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  • Thus the necessary slowness of the heating up of the molten charge would compel us to make the removal of the carbon slow, even if this slowness were not already forced on us by the danger of having the charge froth so much as to run out of the furnace.

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  • It was written out of friendship for Adam Black, and "payment was not so much as mentioned."

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  • Flax and hemp are cultivated, though not so much as formerly, for manufacture into linen and canvas, and also rape seed for the production of oil.

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  • The phase angle, however, varies so much as to suggest that the term mainly represents local causes or observational uncertainties.

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  • It is not so much as king of the dead that Osiris here appears, but every deceased Egyptian was regarded as himself an Osiris, as having undergone all the indignities inificted upon the god, but finally triumphant over the powers of death and evil impersonated by Seth.

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  • The Acts of St John, attributed to Prochorus, narrates the miracles wrought by the apostle during his stay on the island, but, strangely enough, while describing how the Gospel was revealed to him in Patmos, it does not so much as mention the Apocalypse.

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  • This caused a village to spring up, and it afterwards increased so much as to become a market town.

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  • First, he sought to acquire the substance, though not the name, of territorial power, by using the authority of the Mogul emperor for so much as he wished, and for no more; and, secondly, he desired to purify the company's service by prohibiting illicit gains, and at the same time guaranteeing a reasonable remuneration from honest sources.

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  • Wundt's point is that the conclusion of the inductive syllogism is neither so much as all, nor so little as some, but rather the indeterminate "M and P are connected."

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  • Very large doses, so much as 1so cc. may be injected subcutaneously or preferably intravenously, and it is stated to modify the whole course of the disease.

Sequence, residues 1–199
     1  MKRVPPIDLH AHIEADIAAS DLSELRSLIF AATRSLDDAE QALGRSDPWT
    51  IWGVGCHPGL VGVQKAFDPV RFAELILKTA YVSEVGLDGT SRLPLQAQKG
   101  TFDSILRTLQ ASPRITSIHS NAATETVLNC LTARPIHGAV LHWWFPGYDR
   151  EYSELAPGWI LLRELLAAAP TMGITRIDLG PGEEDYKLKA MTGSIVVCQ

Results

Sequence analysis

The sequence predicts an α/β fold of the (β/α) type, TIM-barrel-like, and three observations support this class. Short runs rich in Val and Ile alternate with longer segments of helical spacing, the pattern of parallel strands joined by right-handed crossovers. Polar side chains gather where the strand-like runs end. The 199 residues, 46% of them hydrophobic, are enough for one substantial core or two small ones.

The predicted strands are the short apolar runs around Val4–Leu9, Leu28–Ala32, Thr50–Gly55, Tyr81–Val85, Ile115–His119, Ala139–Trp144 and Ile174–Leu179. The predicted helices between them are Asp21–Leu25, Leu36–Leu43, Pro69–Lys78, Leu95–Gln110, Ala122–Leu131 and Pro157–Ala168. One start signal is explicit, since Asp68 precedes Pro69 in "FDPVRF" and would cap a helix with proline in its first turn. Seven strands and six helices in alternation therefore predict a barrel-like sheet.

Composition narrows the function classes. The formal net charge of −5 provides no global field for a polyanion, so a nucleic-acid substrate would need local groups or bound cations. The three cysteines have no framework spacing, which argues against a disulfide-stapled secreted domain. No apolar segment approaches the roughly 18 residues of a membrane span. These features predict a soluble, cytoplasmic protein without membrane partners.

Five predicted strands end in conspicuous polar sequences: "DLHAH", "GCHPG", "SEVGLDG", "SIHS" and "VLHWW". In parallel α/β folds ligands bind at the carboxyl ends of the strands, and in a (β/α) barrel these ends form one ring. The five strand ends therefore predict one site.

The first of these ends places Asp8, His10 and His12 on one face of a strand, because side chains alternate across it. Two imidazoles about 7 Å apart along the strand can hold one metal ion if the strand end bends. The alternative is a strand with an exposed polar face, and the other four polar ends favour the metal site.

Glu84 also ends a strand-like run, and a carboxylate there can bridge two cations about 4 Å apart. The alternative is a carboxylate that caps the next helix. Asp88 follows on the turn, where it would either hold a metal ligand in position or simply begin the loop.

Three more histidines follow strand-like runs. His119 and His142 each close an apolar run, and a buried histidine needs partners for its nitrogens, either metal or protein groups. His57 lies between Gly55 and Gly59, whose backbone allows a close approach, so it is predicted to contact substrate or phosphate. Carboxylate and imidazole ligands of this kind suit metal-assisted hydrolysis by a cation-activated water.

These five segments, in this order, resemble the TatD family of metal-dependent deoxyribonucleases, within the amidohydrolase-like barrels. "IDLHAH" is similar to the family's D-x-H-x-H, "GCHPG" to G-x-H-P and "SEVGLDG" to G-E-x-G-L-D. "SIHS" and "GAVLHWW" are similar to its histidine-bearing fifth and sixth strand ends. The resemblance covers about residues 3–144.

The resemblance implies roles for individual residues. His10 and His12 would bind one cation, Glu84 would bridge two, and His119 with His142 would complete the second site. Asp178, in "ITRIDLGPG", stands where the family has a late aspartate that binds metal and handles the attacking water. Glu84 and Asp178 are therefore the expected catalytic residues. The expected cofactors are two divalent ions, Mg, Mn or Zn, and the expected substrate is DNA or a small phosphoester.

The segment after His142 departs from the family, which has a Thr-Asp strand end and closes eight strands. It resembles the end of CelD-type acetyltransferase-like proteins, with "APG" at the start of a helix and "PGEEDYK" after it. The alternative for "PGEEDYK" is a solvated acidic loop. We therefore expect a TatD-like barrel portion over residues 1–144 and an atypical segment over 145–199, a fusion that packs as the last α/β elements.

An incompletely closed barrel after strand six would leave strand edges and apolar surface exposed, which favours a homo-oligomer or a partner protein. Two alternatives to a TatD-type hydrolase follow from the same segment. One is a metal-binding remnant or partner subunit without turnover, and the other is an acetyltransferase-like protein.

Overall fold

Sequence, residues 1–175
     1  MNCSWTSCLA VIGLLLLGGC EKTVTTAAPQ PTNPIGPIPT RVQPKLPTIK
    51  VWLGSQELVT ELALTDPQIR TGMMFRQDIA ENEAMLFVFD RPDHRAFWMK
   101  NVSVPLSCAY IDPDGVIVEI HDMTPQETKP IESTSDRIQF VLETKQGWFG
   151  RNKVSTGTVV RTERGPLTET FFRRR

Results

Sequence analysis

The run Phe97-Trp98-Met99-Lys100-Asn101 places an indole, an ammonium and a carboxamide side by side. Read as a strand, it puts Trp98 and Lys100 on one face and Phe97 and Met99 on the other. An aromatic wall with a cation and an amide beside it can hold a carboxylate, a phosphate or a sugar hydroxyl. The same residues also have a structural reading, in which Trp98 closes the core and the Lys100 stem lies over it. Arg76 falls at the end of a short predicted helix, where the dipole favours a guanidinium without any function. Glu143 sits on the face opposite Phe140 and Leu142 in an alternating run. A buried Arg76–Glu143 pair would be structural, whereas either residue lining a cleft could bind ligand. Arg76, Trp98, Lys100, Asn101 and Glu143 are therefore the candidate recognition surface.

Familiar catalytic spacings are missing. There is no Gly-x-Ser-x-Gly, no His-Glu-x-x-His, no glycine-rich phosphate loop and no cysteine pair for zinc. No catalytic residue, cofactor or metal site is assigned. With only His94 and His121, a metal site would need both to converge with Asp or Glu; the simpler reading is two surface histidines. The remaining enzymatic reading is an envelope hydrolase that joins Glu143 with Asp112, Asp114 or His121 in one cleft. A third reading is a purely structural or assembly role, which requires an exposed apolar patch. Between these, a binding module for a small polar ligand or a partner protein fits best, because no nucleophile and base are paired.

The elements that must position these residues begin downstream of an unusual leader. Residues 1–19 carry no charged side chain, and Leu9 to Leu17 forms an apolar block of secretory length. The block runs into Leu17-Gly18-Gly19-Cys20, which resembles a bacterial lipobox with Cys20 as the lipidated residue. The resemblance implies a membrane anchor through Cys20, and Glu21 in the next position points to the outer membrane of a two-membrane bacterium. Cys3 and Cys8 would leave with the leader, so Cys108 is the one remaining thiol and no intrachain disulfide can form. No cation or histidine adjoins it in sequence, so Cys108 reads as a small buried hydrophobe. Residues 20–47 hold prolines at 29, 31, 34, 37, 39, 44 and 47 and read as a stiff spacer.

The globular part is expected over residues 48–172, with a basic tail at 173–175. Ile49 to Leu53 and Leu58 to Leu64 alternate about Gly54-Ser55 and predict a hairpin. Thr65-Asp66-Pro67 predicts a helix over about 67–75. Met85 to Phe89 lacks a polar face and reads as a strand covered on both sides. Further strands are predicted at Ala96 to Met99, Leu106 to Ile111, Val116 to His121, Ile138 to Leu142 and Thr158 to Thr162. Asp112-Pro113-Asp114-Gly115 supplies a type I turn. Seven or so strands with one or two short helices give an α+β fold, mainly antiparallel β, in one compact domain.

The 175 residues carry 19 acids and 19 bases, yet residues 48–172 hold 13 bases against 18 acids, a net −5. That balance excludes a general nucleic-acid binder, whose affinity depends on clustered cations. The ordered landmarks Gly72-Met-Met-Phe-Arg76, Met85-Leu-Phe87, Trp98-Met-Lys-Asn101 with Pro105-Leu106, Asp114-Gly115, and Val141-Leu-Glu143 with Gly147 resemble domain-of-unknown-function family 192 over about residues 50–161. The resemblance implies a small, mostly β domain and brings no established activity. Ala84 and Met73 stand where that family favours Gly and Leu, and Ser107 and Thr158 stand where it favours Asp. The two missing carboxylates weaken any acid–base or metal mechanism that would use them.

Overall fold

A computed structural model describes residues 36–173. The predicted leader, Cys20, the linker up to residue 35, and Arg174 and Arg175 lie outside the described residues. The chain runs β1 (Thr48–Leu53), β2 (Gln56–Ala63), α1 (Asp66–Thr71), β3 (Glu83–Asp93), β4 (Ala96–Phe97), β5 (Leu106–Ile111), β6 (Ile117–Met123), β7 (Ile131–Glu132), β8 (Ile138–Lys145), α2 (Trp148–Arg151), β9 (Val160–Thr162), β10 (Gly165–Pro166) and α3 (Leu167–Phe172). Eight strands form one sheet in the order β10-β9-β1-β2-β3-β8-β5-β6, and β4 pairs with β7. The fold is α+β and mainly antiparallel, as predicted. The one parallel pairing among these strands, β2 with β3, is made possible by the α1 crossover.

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  • During an attack of acute gout nothing relieves so much as colchicum, but during the intervals potash or lithia salts taken in water are advisable, as tending to prevent the deposits of urate of soda.

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  • Without altogether eschewing Samuel Clarke's a priori system, Butler relies mainly on the inductive method, not professing to give an absolute demonstration so much as a probable proof.

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  • Within the Chalk ring, and at the base of the steep escarpment, there is a low terrace of the Upper Greensand, seldom so much as a mile in width, but in most places crowded with villages scarcely more than a mile apart, and ranged like beads on a necklace.

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  • Neither the attachment to the religious forms of Judaism, which we are informed was characteristic of James, nor that personal relation to the Lord which gave him his supreme distinction are indicated by so much as a single word.

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  • It was not to the hostility of the natives, nor to the hard struggle with nature necessary to make agriculture profitable on Karroo or veld, that the slow progress made by the colonists was due, so much as to the narrow and tyrannical policy adopted by the East India Company, which closed the colony against free immigration, kept the whole of the trade in its own hands, combined the administrative, legislative and judicial powers in one body, prescribed to the farmers the nature of the crops they were to grow, demanded from them a large part of their produce, and harassed them with other exactions tending to discourage industry and enterprise.